Seminole Tribe of Florida

Seminole Tribe of Florida Information


With all there is to do when visiting the Seminole Tribe of Florida, it’s guaranteed guests will work up an appetite. Fortunately, the Swamp Water Café serves “Seminole and American” cuisine that adds to the flavor of this Everglades adventure destination.

Swamp Water Cafe

Local favorites such as fried frog legs and fried gator tail share the menu with Indian Tacos, Seminole fry bread with honey, bison burger, and shrimp and fish plates. Daily specials are offered as well with meals such as oxtail and black bean soup and picadillo with rice, black beans and plantains. Guests may dine inside or enjoy the rocking chairs on the large covered porch looking out to the Everglades.

The Swamp Water Café is next to Billie Swamp Safari, also a Tribally owned business that takes visitors on tours through the Tribe’s 2,200 acres of pristine Everglades. Guests aboard airboats and swamp buggies keep an eye out for alligators, birds, snakes and the many other species animals that live in within Everglades ecosystem. Guides detail the natural history of the Everglades and the Seminole Tribe of Florida’s relationship with their home.Airboat Tour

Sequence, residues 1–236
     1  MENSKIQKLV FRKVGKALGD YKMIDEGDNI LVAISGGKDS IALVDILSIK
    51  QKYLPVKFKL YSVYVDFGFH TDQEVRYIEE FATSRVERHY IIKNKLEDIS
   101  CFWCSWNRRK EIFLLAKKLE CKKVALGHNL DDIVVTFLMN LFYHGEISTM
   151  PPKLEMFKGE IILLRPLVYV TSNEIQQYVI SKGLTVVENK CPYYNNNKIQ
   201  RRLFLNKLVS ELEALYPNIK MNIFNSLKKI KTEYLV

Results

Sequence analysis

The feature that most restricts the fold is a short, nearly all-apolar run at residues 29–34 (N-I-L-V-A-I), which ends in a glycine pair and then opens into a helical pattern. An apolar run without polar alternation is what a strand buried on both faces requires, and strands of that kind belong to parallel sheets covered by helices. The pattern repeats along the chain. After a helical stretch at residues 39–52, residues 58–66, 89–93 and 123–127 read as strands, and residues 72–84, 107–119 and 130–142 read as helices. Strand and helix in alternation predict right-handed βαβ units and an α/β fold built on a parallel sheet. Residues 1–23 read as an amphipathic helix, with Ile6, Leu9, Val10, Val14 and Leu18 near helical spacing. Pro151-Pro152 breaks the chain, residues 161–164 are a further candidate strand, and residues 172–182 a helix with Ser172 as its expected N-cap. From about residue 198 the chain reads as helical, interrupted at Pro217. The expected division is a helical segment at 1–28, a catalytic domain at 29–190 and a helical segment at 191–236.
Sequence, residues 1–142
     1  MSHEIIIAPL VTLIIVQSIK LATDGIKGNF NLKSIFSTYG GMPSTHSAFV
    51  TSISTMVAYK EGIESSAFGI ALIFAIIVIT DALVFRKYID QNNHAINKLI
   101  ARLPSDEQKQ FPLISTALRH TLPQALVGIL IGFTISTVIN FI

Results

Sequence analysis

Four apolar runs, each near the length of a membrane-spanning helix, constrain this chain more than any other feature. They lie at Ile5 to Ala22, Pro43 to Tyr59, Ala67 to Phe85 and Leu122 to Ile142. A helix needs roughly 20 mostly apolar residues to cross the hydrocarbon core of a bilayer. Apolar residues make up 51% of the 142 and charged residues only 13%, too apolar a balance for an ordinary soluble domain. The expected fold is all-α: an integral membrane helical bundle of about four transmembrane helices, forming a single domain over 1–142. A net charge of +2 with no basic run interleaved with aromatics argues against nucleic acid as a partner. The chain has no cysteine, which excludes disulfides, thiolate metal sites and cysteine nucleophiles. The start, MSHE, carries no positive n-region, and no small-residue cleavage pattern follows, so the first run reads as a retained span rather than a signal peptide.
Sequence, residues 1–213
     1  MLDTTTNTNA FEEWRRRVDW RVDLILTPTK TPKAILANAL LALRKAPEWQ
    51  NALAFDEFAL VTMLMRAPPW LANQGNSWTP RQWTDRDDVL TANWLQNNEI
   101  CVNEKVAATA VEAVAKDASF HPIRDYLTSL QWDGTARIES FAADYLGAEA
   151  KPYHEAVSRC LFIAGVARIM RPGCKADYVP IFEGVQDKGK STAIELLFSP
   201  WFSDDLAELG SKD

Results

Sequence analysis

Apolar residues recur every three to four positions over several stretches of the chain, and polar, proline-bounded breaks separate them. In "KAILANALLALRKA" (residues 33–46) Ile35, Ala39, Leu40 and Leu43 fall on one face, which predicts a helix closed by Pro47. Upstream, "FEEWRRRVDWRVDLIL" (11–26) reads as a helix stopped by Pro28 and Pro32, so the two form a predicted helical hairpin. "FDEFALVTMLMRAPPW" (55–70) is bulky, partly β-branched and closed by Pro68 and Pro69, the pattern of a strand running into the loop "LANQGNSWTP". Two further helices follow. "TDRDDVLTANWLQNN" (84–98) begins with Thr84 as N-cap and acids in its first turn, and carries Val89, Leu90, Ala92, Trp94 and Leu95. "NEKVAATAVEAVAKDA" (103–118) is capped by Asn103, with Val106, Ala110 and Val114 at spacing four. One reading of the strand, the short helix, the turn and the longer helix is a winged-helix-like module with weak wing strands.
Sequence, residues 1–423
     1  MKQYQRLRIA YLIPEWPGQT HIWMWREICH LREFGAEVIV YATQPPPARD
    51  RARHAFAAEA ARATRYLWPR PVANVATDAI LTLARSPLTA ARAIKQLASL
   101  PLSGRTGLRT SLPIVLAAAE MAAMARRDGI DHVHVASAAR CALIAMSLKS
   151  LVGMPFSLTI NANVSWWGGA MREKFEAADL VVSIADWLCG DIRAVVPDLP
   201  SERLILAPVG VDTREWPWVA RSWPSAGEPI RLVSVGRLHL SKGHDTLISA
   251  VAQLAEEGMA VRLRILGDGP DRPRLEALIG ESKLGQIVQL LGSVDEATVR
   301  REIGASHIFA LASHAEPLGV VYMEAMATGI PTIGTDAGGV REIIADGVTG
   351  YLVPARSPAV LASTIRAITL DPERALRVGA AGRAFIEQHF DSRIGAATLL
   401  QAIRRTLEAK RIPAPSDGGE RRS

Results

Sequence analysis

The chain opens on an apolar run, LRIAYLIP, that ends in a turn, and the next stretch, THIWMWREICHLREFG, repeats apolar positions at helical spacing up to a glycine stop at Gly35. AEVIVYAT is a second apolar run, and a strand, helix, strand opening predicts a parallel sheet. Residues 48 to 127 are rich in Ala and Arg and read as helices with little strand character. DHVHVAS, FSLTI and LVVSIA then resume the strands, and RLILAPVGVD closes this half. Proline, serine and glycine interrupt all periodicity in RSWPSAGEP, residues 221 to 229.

Back at the air-conditioned Billie Swamp Safari Theater, guests can come nose to scaly nose with some of the 20 species of snakes found in the Everglades during the Everglades Snake Show. Snake keepers explain the vital role snakes play in the health of the environment here, and allow the audience to see up close these often misunderstood creatures. The Critter Show allows visitors to interact with white tail deer, skunks, baby alligators, gopher tortoises and other animals that call the Everglades home. Outside, Everglades animal exhibits showcase many other animals including a Florida Panther named Liberty and a pool of ever-playful otters.

A quarter-mile boardwalk through cypress trees leads to a reconstructed Seminole Village where visitors can see how traditional chickees (thatched-roof homes) were constructed. Guests can spend the night in one and go on nighttime tours into the Everglades aboard a swamp buggy. After, Seminole stories are told around a campfire as the sounds of the Everglades at night come to life.

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Four miles east of Billie Swamp Safari on Boundary Road the Ah-Tah-Thi-Ki Museum explores and celebrates the history and culture of the Seminole Tribe of Florida. Exhibits explain typical day-in-the-life activities for Seminole ancestors such as hunting, cooking, harvesting and gathering food, canoeing and ceremonies. Other exhibits detail Seminole Stickball, the importance of alligators to Seminole culture and the Catfish Dance, a ceremonial dance that is still practiced by the Seminole today. Demonstrations by Tribal members such as canoe building and dances, and events such as the annual American Indians Arts Celebration in November, take place at the museum year-round. Historic collections of art and clothing are displayed throughout the museum, and contemporary programs underscore the importance of Seminole culture and influence today.

For more information about Seminole Tribe of Florida, visit www.semtribe.com/stof.

 

Seminole Tribe of Florida

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